Every autumn, LWCC promotes the Grand Prix des Gentlemen Time Trial — an open team time trial with a difference. This popular event is run on the GS/838a course, a gently rolling circuit of 17.2 miles close to Lewes. It is a two-up team trial, with one veteran and one other rider in TTT formation. However, the veteran is paced round the course by their partner and must remain as second rider throughout, only permitted to overtake for the last 200 yards.
Member Q&A: Brett Davies, membership secretary
Cycling Weekly: How long have you been with the club?
Brett Davies: About five years. I started club running and was terrible — I used to drop off the back all the time, and then got into it from there.
CW: What’s the club’s TT scene like?
BD: It’s one of the larger time trial clubs in Sussex and we run a series of 12 evening 10s throughout the year.
CW: What does your role involve?
BD: Originally I was brought on to handle renewals each season. I brought in the online membership, so that has simplified things.
CW: If someone was looking for a club to join, why should they join Lewes?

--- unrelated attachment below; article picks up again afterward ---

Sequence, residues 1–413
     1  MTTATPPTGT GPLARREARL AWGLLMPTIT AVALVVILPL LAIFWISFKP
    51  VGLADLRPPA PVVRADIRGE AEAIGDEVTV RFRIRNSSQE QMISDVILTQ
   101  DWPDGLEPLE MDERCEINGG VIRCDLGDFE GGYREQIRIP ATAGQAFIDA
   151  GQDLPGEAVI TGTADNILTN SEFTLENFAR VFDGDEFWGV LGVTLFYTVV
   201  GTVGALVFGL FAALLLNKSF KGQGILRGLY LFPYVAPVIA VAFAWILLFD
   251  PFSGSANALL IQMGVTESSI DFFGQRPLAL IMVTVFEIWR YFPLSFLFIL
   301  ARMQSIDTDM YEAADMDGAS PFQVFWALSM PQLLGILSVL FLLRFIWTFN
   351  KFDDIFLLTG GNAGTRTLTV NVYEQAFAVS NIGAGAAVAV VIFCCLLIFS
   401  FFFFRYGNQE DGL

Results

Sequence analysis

BD: We are good for bringing on people interested in racing, and if you want a way into the TT scene it’s a really good way to do that. But equally everyone is very friendly — if you’re looking for a social ride there is lots of opportunity to do that too.
CW: What else does the club organise?
BD: We’ve done Majorca for a couple of years. We are off to Vercors in France later this year. They are open to anyone and normally have a good mix. We have stuff going on throughout the year.
Ride highlights: Lewes Wanderers CC
1 Ashdown Forest
Sitting atop the High Weald Area of Outstanding Natural Beauty, the quiet roads and punchy climbs will be familiar with anyone who has undertaken a sportive in the area.
2 Lewes Castle
Not many rides take in a loop around a Norman castle’s walls, but this ride did, complete with cobbled road, narrow lanes and passing through the castle keep.
3 Glyndebourne Hill
The wind turbine looming in the distance marks the summit of this 1km climb. Don’t be deceived by the four per cent gradient, it gradually increases, maxing out at 11 per cent just before the summit.
Middle Farm Nestling at the foot of Firle Beacon, in the South Downs, Middle Farm is a 625-acre working family farm. The cafe offers a range of sustenance as well as a warm countryside welcome. As well as the farm itself, there is a Cider Barn, offering over 100 different ciders, including their own ‘Pookhill Cider’. There is something for every member of the family to enjoy here. Middle Farm, West Firle, Lewes, BN8 6L